History of Sichuan
The first evidence of human habitation in what is now Sichuan Province consists of simple tools and a skull cap dating to the Paleolithic (Old Stone) Age. During the Neolithic period (approximately 8,000 – 2,000 BC) people living in Sichuan used axes, pottery jars, bone needles, and crude weapons, but the first major cultures in the province were the Ba and Shu peoples, who lived in what was then called Liangzhou from about 2000 BC. The Shu people lived on the Chengdu Plain while the Ba kingdom was centered in Eastern Sichuan. Many Shu and Ba relics can today be seen at the Sichuan Provincial Museum.
Twenty-three hundred years ago a Shu Emperor named Kaiming IX moved his capital slightly east and named the new town Chengdu (meaning, ‘becoming a city’) in hopes that it would one day be a metropolis. Chengdu has remained Sichuan’s capital ever since.
During the Warring States Period (453-221 BC) a Qin emperor conquered the Shu Kingdom and, in order to take advantage of the fertile plain and secure his hold on Sichuan, he moved thousands of Qin faithful to the former Shu Kingdom. The emperor had thick city walls built around Chengdu in 311 BC and divided the city into two parts–the larger for officials and the army and the smaller for merchants and peasants, who mostly lived outside the walls. A river was diverted to fill a moat around the city, and although the walls no longer remain, the Fu and Nan rivers still mostly ring what was the ancient capital. Southeast of the city the Fu and Nan rivers rejoin to flow south.
The Chengdu Plain’s rich soil and flourishing economy made it an important strategic post, and for 2000 years both warlords and statesmen prized it. Possibly the most famous of Chengdu’s overlords was Liu Bei, a distant relation of the Han imperial family who, claiming the right of his lineage, ruled the Shu Han Kingdom from Chengdu during the Three Kingdoms Period (AD 220-263). The classic Chinese novel The Romance of the Three Kingdoms immortalized the time, and a visitor to Chengdu can see Liu Bei’s tomb at the Temple of Marquis Wu.
Since 316 BC, Chengdu has been renovated many times and has remained the economic and social center of Sichuan Province. One of the largest expansions happened in 879 AD when Gao Bin, a senior government officer, expanded the city to 120 streets and built 5,008 sentry rooms along the city walls. The sentry rooms and walls no longer remain; they were destroyed during the Cultural Revolution, and the statue of Chairman Mao that stands in the center of the city was erected were the Viceroy’s Palace had been.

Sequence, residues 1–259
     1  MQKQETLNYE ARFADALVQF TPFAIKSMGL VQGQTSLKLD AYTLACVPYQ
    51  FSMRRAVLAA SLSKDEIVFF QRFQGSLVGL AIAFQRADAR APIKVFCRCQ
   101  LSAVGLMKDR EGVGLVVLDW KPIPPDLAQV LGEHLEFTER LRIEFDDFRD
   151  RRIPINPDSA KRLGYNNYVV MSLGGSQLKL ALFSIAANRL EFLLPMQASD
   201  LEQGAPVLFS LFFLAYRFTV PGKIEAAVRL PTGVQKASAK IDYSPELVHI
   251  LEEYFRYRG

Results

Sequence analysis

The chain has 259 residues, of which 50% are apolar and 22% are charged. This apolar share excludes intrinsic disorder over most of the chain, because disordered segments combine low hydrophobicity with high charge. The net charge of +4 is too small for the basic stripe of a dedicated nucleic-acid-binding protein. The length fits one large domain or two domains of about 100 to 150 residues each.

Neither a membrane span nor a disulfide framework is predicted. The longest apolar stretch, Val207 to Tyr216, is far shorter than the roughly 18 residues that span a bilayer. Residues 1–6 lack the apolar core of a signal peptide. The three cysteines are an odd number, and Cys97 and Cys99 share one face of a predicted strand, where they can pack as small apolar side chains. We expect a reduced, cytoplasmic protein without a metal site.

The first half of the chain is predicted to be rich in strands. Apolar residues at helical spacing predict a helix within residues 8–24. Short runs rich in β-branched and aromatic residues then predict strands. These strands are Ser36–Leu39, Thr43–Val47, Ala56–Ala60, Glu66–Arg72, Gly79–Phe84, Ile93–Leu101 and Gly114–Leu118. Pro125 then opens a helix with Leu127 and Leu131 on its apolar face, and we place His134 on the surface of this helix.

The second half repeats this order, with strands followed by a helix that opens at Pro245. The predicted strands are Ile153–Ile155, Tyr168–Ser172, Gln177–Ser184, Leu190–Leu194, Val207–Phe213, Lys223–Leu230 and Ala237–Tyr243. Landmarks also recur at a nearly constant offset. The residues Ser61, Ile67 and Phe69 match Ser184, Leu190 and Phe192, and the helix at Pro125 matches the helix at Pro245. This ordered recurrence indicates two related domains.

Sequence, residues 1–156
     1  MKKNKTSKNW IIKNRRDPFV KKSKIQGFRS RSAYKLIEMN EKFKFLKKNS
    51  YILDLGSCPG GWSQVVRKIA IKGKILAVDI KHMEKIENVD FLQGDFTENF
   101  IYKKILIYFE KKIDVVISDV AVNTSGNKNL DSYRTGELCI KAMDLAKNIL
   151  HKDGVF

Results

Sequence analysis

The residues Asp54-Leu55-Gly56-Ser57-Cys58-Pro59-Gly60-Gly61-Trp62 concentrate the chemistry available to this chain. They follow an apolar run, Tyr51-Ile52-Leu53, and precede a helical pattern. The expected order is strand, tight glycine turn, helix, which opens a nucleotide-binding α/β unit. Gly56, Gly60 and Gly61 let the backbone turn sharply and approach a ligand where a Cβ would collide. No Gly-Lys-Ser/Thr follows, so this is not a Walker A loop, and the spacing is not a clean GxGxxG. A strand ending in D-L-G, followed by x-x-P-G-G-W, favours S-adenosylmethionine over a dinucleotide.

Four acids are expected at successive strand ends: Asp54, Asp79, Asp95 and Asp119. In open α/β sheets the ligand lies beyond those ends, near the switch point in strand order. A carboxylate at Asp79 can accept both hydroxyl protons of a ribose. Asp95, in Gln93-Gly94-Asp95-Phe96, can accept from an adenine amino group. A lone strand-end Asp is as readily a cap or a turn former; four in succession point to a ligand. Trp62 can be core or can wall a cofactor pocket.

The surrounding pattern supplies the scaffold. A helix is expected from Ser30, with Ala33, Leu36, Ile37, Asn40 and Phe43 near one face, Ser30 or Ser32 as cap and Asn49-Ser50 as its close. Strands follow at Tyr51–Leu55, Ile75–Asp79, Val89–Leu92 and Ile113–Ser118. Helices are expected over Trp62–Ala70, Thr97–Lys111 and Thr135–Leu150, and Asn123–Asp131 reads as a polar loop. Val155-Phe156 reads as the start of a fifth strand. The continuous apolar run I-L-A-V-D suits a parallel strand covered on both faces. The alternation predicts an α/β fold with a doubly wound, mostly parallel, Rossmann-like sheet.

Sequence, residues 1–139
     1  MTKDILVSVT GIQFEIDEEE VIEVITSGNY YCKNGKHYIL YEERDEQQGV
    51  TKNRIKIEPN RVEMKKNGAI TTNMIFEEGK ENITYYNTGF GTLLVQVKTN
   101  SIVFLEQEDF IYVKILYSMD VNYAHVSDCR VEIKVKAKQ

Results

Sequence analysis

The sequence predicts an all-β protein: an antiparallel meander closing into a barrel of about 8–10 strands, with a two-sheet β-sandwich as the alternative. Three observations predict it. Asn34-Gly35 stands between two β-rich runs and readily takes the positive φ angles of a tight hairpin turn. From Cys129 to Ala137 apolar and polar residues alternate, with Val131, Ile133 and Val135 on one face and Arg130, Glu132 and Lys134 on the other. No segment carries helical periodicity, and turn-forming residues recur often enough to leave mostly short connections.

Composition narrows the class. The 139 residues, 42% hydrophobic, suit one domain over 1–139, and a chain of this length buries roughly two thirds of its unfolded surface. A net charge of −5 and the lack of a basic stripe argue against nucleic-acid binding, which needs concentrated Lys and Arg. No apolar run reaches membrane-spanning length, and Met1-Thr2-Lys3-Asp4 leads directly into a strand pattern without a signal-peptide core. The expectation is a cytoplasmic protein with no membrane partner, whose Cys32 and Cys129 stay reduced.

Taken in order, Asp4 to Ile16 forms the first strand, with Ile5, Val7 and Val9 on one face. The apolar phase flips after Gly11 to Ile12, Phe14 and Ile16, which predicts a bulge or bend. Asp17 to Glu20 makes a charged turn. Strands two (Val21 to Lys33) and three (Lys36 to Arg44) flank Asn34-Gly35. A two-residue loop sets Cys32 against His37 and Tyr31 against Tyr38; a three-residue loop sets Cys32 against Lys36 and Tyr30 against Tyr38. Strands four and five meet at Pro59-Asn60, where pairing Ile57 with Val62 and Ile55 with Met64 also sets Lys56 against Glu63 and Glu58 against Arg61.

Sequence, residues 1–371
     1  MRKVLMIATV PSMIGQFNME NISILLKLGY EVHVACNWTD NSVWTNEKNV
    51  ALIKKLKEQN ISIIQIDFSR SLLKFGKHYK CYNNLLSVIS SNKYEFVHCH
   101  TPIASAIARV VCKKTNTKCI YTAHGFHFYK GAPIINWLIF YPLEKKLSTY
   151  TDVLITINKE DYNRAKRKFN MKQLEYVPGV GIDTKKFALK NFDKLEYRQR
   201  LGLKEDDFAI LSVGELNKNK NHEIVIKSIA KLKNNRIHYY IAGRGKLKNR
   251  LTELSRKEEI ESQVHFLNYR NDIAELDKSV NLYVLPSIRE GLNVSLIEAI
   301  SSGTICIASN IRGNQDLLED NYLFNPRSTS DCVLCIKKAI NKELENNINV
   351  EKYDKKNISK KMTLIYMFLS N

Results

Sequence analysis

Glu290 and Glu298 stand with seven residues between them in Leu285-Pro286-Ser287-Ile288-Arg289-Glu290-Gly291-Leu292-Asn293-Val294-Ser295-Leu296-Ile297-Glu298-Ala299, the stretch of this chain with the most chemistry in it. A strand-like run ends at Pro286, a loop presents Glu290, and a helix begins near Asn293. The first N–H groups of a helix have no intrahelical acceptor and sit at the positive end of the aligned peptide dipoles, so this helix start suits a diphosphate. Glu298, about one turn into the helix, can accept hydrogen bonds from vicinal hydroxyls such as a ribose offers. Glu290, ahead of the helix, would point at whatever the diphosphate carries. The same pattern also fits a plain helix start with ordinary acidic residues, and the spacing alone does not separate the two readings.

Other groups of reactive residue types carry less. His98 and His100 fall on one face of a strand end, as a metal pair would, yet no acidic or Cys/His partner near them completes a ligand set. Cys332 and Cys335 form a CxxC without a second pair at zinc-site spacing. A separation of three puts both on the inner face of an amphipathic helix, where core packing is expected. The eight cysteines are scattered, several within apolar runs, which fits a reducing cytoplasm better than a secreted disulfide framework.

In the 1940s, Chengdu and neighboring Chongqing were first bases for the ‘Flying Tigers,’ a renowned group of American and Chinese fighter pilots who fought against the Japanese during World War II, and the cities were later the final strongholds of the Chinese Nationalist Party. The Nationalists fled to Taiwan after Mao Zedong proclaimed the foundation of the People’s Republic in 1949, and the Red Army liberated Chengdu in 1950.
Since Deng Xiaoping, a native of Sichuan Province, returned to power in 1977, Sichuan has undergone and often pioneered economic reforms. Among them perhaps the most important was the creation of the ‘responsibility system’ in which communes were broken up and plots of land let out to farmers. The farmers were required to sell a portion of their crops to the government at state prices, but otherwise they were free to market as they wished. Reforms have reached into the industrial sector as well, meaning the end for many bloated state-owned enterprises, and have been responsible for much of the growth of China’s surplus labor force.
Another result of the changes is that Sichuan has gotten richer, and almost all city homes now have color televisions, washing machines, and refrigerators. Shu Kingdom Emperor Kaiming IX’s idea of a metropolis on the Chengdu Plain has been realized beyond his wildest dreams, and Chengdu today is a modern city with plenty of swank shops, cell phones, and fancy cars.